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Mol Phylogenet Evol. 2002 Apr;23(1):22-36.

Molecular phylogenetics and mitochondrial genomic evolution in the chamaeleonidae (Reptilia, Squamata).

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  • 1Department of Biology, Washington University, St Louis, Missouri 63130, USA.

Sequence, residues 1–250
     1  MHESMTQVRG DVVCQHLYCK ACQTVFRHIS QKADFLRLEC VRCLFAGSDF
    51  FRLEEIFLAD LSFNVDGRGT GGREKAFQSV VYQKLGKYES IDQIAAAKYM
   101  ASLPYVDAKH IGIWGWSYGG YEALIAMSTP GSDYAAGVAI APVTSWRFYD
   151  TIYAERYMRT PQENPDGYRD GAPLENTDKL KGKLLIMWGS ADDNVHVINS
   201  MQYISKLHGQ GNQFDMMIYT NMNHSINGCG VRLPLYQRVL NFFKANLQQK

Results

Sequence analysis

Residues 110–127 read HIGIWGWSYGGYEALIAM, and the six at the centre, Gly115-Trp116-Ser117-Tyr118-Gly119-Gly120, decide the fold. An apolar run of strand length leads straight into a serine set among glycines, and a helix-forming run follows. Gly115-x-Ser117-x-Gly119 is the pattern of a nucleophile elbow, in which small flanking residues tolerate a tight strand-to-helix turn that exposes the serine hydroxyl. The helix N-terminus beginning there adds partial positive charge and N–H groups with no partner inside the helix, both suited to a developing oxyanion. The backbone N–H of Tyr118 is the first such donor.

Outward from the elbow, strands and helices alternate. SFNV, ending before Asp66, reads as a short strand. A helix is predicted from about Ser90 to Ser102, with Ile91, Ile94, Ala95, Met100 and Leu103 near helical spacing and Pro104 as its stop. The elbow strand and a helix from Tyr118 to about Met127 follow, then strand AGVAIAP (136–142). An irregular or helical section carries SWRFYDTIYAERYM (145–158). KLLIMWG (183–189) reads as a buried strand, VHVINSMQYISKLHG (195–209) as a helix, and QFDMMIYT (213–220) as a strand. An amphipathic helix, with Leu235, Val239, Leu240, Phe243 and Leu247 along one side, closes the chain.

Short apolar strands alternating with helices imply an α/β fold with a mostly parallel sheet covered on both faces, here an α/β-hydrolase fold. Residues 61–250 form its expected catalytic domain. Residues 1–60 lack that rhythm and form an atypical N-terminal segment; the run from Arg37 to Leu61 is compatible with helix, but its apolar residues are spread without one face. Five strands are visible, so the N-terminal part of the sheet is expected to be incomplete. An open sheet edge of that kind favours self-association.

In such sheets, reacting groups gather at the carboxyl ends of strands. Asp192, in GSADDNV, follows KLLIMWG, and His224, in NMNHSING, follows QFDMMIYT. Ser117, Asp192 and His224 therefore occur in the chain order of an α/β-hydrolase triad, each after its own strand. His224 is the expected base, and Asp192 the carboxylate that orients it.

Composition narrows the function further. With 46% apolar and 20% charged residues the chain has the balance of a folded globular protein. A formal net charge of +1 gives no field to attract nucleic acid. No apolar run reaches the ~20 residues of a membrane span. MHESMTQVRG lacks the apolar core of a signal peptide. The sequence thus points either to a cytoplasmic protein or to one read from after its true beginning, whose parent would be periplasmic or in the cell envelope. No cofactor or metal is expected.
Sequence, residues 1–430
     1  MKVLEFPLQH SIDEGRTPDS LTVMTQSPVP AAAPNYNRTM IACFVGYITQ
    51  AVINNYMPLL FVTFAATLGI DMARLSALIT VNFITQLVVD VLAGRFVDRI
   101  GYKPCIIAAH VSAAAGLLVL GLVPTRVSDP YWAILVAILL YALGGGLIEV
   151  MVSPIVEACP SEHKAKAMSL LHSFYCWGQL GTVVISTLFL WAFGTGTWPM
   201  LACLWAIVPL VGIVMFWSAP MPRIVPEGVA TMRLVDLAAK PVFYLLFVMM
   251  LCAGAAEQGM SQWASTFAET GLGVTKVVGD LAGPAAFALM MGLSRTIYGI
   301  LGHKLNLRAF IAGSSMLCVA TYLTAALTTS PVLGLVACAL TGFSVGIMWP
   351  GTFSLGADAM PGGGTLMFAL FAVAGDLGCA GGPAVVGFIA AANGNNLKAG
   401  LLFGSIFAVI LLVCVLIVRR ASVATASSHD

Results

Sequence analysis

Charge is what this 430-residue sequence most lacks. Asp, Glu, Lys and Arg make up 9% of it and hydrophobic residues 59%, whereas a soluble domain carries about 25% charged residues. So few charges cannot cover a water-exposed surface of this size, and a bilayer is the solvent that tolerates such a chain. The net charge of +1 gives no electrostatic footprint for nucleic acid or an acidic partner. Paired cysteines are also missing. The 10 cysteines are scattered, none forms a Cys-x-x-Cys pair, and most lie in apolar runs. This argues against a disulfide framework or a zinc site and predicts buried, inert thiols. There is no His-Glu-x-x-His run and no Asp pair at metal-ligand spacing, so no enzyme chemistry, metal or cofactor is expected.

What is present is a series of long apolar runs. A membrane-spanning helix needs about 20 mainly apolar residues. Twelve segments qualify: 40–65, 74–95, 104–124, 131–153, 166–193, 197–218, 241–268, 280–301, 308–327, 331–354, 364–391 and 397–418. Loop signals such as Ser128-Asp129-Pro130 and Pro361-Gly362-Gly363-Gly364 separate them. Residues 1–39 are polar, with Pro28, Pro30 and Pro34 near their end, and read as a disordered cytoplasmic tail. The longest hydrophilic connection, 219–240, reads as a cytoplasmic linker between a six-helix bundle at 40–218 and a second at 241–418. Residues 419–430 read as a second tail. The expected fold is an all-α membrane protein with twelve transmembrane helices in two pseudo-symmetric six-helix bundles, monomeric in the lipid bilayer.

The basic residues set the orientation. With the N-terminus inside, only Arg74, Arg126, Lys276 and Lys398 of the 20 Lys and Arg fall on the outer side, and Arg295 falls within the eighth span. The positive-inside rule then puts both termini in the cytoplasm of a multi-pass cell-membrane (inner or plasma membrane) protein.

A phylogenetic hypothesis for the lizard family Chamaeleonidae is generated from 1503 aligned base positions (883 parsimony-informative) of mitochondrial DNA for specimens representing 59 species (57 ingroup and two outgroup). Sequences are reported for a genomic segment encoding eight transfer RNAs, NADH dehydrogenase component 2 (ND2), and portions of NADH dehydrogenase component 1 (ND1) and cytochrome c oxidase subunit 1 (COI). Newly reported genomic rearrangements and duplications support the hypothesis that mitochondrial gene order and content are destabilized by phylogenetic loss of a functional origin for light-strand replication between the genes encoding tRNA(Asn) and tRNA(Cys). A novel gene order characterizes all sampled Brookesia except B. nasus. Brookesia nasus, the apparent sister taxon of a clade formed by all other Brookesia, has the ancestral gene order but contains a large tandem duplication. An apparently noncoding 220 base pair insertion between the genes encoding ND2 and tRNA(Trp) is reported for Bradypodion tavetanum. Phylogenetic analysis identifies nine clades whose ancestral lineages diverged early in chamaeleonid evolutionary history: (1) Brookesia (possibly excluding B. nasus), (2) Chamaeleo subgenus Chamaeleo (excluding C. namaquensis), (3) Chamaeleo subgenus Trioceros, (4) viviparous Bradypodion, (5) oviparous Bradypodion, (6) genus Furcifer (except F. balteatus), and (7-9) three distinct clades of Calumma. Chamaeleo namaquensis, Brookesia nasus, Furcifer balteatus, Rhampholeon brevicaudatus, and R. spectrum represent ancient lineages dating to approximately the same time. Multiple independent losses and a possible secondary gain of horns are inferred for Trioceros. Viviparity has at least two separate origins in chameleons, one in Bradypodion and

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